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McGrath rejoins firing squad

Bridgetown: After losing the first two Tests of the series to Australia, the West Indies face more problems in the third starting on Thursday as the tourists welcome back Glenn McGrath, one of the game’s finest fast bowlers.

McGrath sat out the opening two Test wins tending to his ill wife back in Sydney. But, encouraged by an improved diagnosis on her cancer problems, the 33-year-old pace spearhead is back to boost the Australian pace battery. “I think the way we are going it would be very hard for us to be beaten,” McGrath said. “I would probably be very disappointed if we don’t win the series 4-0.”

Australia won the first Test by nine wickets in Guyana and the second in Trinidad by 188 runs but captain Steve Waugh believes they can still improve.

“We have played excellent cricket so far but we can play better and this is a good opportunity to show people how good we are,” he said. “Our fielding could get better, we missed a couple of opportunities (in the second Test) and we need to be a bit more sharp in the field. That’s where we are looking to improve.”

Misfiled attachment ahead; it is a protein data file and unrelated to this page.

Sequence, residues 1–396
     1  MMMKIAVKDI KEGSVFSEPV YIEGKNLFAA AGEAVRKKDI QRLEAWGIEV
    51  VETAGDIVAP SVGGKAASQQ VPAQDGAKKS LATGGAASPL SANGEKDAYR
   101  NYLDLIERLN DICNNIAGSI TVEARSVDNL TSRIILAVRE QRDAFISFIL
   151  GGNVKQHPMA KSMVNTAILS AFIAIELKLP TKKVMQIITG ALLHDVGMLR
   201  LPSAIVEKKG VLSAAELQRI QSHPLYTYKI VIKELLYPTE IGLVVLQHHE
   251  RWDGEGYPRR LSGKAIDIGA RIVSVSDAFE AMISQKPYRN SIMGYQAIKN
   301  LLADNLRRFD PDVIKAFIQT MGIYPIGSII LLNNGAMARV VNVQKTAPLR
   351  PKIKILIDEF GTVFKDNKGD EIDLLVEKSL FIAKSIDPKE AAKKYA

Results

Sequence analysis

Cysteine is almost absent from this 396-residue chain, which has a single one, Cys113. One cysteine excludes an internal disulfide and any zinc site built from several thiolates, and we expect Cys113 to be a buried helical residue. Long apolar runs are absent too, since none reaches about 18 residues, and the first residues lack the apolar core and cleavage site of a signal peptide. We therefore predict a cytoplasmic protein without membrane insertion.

Australia have yet to name their team but Waugh has already confirmed that McGrath will play. The Australian pacer has taken 422 wickets in 91 Tests and a combination of injury and family concerns has prevented him from playing for Australia in their last four Tests — the last two Tests of the home Ashes series and the two Tests here.

Meanwhile, Michael Holding believes tearaways Jermaine Lawson and Tino Best must play against the Australians. Holding said with Australia already possessing an unbeatable lead there was little to gain from denying the 21-year-old bowlers a chance.

“I think we have done very well in the batting department where we have brought in a lot of youngsters and they have shown promise and they have now started to produce,” he said.

“I think we now need to do the same thing with our bowling department, if we are losing with people who have been there for a long time and not showing any improvement, we might as well lose with the youngsters.”

Underlining the West Indian bowlers’ plight is that Australia have been bowled out only once in the series so far and won the Port-of-Spain Test on the strength of their fast-tempo scoring, racking up a total of 814 runs for the loss of just seven wickets.

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